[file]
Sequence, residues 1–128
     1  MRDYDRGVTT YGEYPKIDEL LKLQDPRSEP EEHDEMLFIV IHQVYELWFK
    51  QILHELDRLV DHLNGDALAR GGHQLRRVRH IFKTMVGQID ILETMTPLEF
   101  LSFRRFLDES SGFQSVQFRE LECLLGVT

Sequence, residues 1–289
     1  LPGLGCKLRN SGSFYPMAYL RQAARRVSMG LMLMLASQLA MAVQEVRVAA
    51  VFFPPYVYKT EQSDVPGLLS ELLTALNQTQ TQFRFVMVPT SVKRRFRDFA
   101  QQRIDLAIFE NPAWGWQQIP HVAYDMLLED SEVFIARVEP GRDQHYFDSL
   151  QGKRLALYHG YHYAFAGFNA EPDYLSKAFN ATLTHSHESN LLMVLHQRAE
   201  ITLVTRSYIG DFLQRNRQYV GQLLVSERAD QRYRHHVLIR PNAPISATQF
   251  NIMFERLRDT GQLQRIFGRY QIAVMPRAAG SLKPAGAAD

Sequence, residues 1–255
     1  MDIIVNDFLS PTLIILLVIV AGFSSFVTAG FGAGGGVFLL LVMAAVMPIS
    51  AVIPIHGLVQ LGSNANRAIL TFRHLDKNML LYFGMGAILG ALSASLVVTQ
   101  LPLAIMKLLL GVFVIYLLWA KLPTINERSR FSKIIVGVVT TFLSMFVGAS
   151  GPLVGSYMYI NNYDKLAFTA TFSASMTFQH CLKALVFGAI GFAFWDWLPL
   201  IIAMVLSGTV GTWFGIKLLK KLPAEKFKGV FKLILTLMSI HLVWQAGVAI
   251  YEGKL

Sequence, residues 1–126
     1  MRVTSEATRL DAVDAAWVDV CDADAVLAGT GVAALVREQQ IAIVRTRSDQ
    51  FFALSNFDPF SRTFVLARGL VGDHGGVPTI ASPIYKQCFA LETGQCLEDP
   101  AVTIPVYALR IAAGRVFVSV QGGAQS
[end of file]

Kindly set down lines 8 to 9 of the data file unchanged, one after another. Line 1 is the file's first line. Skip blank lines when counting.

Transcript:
   101  QQRIDLAIFE NPAWGWQQIP HVAYDMLLED SEVFIARVEP GRDQHYFDSL
   151  QGKRLALYHG YHYAFAGFNA EPDYLSKAFN ATLTHSHESN LLMVLHQRAE